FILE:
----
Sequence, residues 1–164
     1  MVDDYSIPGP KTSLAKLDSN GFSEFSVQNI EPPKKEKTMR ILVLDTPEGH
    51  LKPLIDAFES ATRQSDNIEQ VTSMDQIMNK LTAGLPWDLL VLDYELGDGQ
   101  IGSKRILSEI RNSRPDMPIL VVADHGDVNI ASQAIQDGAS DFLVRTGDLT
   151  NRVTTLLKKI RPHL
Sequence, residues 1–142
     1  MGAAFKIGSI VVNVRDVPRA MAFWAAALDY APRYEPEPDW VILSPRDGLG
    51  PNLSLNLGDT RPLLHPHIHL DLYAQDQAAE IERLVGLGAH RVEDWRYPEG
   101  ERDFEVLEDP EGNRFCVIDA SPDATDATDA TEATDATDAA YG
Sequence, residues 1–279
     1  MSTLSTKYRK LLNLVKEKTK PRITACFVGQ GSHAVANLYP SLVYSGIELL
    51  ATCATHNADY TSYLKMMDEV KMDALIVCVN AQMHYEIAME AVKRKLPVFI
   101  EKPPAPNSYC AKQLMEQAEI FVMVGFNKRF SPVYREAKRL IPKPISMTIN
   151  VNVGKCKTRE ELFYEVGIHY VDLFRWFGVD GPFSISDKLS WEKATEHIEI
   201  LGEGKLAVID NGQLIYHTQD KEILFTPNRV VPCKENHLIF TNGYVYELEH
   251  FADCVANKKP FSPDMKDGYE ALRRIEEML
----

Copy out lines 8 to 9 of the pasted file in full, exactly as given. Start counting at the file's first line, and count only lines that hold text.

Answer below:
    51  PNLSLNLGDT RPLLHPHIHL DLYAQDQAAE IERLVGLGAH RVEDWRYPEG
   101  ERDFEVLEDP EGNRFCVIDA SPDATDATDA TEATDATDAA YG